This week Freddie Mac announced that it will no longer purchase common subprime mortgages, becoming the first major secondary market player to stop putting subprime into its portfolio. The announcement this week should be no surprise to those who follow Freddie's anti-predatory lending practices. Freddie has been at the forefront of this for some time.
Freddie Mac will still purchase subprime Adjustable Rate Mortgages (ARM's) and securities backed by these loans where the home buyers are qualified at the fully-indexed and fully-amortized rates. Freddie Mac, the secondary mortgage purchaser created by Congress in 1970, hopes that by limiting the purchase to only these types of subprime loans they can help home buyers avoid what Freddie calls "sticker shock" when the interest rates climb and payments rise beyond what the homeowner can then afford.
By taking these types of steps, Freddie Mac is attempting to help curb a problem that has had an undue influence in the real estate industry for some time, predatory lending and mortgage fraud. Previously, Freddie has taken other steps designed to help reduce the amount of predatory lending included in its portfolios. Some of those steps include requiring lenders provide complete credit information to all credit bureaus, refusing to invest in mortgages with single-premium credit insurance or investing in loans with prepayment penalties of more than three years. You can read more about Freddie's new policy online by clicking here.
Why is this important news? With investment in subprime loans at what seems to be an all-time high, many investors are becoming worried about an influx of even more foreclosures and bad debt into the marketplace. Even former Fed Chairman Alan Greenspan recently commented that the U.S. could possibly be led into a recession by the housing markets. By limiting risk in those markets, bad debt and foreclosures may be reduced over the long term, but will that help us now?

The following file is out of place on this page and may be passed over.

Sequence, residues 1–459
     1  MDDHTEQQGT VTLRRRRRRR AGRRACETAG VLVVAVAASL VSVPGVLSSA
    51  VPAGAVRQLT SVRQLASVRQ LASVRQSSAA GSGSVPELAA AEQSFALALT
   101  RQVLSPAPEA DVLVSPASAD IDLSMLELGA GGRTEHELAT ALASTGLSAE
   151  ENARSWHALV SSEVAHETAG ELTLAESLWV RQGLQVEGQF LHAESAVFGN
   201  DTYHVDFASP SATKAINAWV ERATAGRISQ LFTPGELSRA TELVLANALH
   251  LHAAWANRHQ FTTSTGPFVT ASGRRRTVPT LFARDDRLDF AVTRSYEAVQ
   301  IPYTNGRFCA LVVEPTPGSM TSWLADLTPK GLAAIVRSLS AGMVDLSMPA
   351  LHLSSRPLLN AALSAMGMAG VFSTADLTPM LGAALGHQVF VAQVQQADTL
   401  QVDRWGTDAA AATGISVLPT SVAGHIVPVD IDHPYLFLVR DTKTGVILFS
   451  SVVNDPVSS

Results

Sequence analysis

A report on CoStar.com written by Mark Heschmeyer talks about how defaults and delinquencies in the subprime markets are increasing concern that any unexpected "shock" to the U.S. economy could cause the housing markets to decline, and that might mean that Mr. Greenspan becomes a profit by the end of 2007 or early 2008.
I am of the opinion that if we slow down the availability of the subprime mortgage products and increase education and financial awareness requirements for those who are funded in these programs, the housing markets and direct real estate related industries will be better positioned to move forward, even if a decline precedes the positive effects of such policies. For Agents, keep in mind that all your subprime borrowers need to go another direction. Freddie Mac may not take them.